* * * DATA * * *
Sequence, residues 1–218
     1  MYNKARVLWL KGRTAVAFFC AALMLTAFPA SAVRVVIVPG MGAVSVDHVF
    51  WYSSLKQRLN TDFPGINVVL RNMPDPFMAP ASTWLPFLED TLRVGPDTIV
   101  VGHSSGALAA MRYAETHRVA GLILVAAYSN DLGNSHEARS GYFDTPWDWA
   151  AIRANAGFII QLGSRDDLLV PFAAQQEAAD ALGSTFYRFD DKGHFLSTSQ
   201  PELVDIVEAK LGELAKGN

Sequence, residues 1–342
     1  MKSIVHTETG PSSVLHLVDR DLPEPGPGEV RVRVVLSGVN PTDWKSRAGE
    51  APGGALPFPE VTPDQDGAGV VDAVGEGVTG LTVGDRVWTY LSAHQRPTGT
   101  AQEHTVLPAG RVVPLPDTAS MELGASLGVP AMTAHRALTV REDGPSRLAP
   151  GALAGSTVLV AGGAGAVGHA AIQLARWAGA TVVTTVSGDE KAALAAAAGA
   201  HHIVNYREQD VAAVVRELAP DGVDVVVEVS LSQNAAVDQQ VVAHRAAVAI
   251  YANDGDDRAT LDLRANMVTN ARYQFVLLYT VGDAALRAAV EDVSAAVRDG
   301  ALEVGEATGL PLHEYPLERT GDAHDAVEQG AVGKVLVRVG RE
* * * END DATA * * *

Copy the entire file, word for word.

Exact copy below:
Sequence, residues 1–218
     1  MYNKARVLWL KGRTAVAFFC AALMLTAFPA SAVRVVIVPG MGAVSVDHVF
    51  WYSSLKQRLN TDFPGINVVL RNMPDPFMAP ASTWLPFLED TLRVGPDTIV
   101  VGHSSGALAA MRYAETHRVA GLILVAAYSN DLGNSHEARS GYFDTPWDWA
   151  AIRANAGFII QLGSRDDLLV PFAAQQEAAD ALGSTFYRFD DKGHFLSTSQ
   201  PELVDIVEAK LGELAKGN

Sequence, residues 1–342
     1  MKSIVHTETG PSSVLHLVDR DLPEPGPGEV RVRVVLSGVN PTDWKSRAGE
    51  APGGALPFPE VTPDQDGAGV VDAVGEGVTG LTVGDRVWTY LSAHQRPTGT
   101  AQEHTVLPAG RVVPLPDTAS MELGASLGVP AMTAHRALTV REDGPSRLAP
   151  GALAGSTVLV AGGAGAVGHA AIQLARWAGA TVVTTVSGDE KAALAAAAGA
   201  HHIVNYREQD VAAVVRELAP DGVDVVVEVS LSQNAAVDQQ VVAHRAAVAI
   251  YANDGDDRAT LDLRANMVTN ARYQFVLLYT VGDAALRAAV EDVSAAVRDG
   301  ALEVGEATGL PLHEYPLERT GDAHDAVEQG AVGKVLVRVG RE